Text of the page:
Ancient Monuments

History on the Ground

This site is entirely user-supported. See how you can help.

Antonine Wall, north of Kinneil Primary School

A Scheduled Monument in Bo'ness and Blackness, Falkirk

We don't have any photos of this monument yet. Why don't you be the first to send us one?

Upload Photo »

Approximate Location Map
Large Map »

If Google Street View is available, the image is from the best available vantage point looking, if possible, towards the location of the monument. Where it is not available, the satellite view is shown instead.


Latitude: 56.0107 / 56°0'38"N

Longitude: -3.6133 / 3°36'47"W

OS Eastings: 299508

OS Northings: 680928

OS Grid: NS995809

Mapcode National: GBR 1R.TB64

Mapcode Global: WH5R2.G5LY

Entry Name: Antonine Wall, N of Kinneil Primary School

Scheduled Date: 25 November 2009

Source: Historic Environment Scotland

Source ID: SM11639

Schedule Class: Cultural

Category: Roman: Antonine Wall

Location: Bo'Ness and Carriden

County: Falkirk

Electoral Ward: Bo'ness and Blackness

Traditional County: West Lothian


The monument comprises a stretch of the Antonine Wall, a World Heritage Site, that survives as buried remains of the ditch, berm and wall-base located through excavation in 1989. It is approximately 170m in length and runs from the grounds of St Mary's Church to the W boundary of Kinneil Primary School's grounds.

Dating to the mid-second century AD, the Antonine Wall comprised five linear elements: an outer mound, a broad V-shaped ditch, an open area of ground, the rampart and an associated road known as the Military Way. In general the Wall ditch was a broad and V-profiled earthwork, measuring 12m wide at its maximum and around 3.6m in depth. The outer mound was formed with upcast on the N lip of the ditch that created an additional obstacle and heightened the N slope of the ditch. An open area of ground, known as the berm, separated the ditch from the rampart and excavations at several locations have revealed evidence of pits. These are interpreted as a defensive feature known as 'lilia', rows of pits containing sharp wooden stakes. A cluster of lilia pits are preserved at the fort of Rough Castle. Lilia pits were probably disguised and arranged in offset rows to prevent attackers running straight across. The rampart was constructed of turf blocks standing on a stone base around 4.3m in width, except between Falkirk and Bo'ness where the rampart was composed of an earth core faced with clay cheeks. Generally, the stone base comprised a single course of roughly squared outer kerbs with a rubble core and incorporated culverts, box-like stone-lined channels that allowed water to drain through the rampart more efficiently.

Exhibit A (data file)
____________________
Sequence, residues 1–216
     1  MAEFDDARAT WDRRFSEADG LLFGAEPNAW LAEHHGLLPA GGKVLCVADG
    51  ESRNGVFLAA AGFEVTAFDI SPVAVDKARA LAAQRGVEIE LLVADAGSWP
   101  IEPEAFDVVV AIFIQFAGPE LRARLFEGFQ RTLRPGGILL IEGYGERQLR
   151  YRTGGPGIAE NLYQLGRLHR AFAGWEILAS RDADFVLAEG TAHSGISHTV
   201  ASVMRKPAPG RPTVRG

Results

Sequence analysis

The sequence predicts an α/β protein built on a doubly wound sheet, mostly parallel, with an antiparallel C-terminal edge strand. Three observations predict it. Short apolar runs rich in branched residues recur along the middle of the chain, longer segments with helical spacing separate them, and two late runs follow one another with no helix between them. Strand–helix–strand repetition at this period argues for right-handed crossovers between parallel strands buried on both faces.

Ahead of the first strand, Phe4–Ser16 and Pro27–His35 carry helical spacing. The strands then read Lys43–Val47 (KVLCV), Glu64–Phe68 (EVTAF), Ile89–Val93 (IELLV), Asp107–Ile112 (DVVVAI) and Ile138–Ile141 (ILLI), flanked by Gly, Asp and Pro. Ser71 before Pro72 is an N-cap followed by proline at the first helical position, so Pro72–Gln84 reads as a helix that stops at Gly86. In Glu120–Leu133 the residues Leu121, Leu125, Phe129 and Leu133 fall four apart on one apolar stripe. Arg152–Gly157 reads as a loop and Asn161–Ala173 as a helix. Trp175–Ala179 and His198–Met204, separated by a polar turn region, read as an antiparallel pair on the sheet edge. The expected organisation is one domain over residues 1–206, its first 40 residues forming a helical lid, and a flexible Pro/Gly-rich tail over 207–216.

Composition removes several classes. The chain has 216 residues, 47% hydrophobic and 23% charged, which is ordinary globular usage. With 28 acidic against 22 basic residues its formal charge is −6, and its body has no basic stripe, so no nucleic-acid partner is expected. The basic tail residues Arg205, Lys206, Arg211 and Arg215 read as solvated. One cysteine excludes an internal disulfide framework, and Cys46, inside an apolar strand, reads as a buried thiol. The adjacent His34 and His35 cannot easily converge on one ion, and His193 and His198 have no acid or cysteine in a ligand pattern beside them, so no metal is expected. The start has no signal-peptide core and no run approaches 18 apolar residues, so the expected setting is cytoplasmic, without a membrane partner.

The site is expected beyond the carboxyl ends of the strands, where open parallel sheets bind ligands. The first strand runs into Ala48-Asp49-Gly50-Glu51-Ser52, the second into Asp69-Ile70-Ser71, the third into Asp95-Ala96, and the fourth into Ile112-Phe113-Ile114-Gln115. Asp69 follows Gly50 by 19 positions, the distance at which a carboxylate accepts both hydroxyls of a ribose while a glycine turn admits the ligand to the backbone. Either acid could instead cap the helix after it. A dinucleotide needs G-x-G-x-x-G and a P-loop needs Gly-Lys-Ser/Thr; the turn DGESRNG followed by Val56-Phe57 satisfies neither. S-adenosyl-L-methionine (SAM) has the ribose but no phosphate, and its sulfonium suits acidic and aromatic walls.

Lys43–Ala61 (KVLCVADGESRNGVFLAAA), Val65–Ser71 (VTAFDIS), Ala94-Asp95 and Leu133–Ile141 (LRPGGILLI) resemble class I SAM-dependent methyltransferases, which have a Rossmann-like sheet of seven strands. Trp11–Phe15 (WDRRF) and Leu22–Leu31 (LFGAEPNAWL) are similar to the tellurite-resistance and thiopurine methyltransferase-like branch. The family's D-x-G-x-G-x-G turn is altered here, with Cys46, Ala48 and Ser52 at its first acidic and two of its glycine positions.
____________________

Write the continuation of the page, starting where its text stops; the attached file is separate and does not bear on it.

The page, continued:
At this site, the remains of the Antonine Wall consist of the S lip of the ditch, the berm incorporating what may be a Roman defensive feature and the stone base of the rampart that also included a collapsed culvert.

The area to be scheduled is rectangular on plan, to include the remains described and an area around within which related remains may be expected to be found, as shown in red on the accompanying map. The scheduling specifically excludes the above-ground elements of all boundary walls and fence, the top 30cm of all paths and 50cm of all tarmac areas and the concrete steps at the western gate onto Dean Road from Kinneil Primary School.

Source: Historic Environment Scotland

Statement of Scheduling

Cultural Significance

The monument's cultural significance can be expressed as follows:

Intrinsic characteristics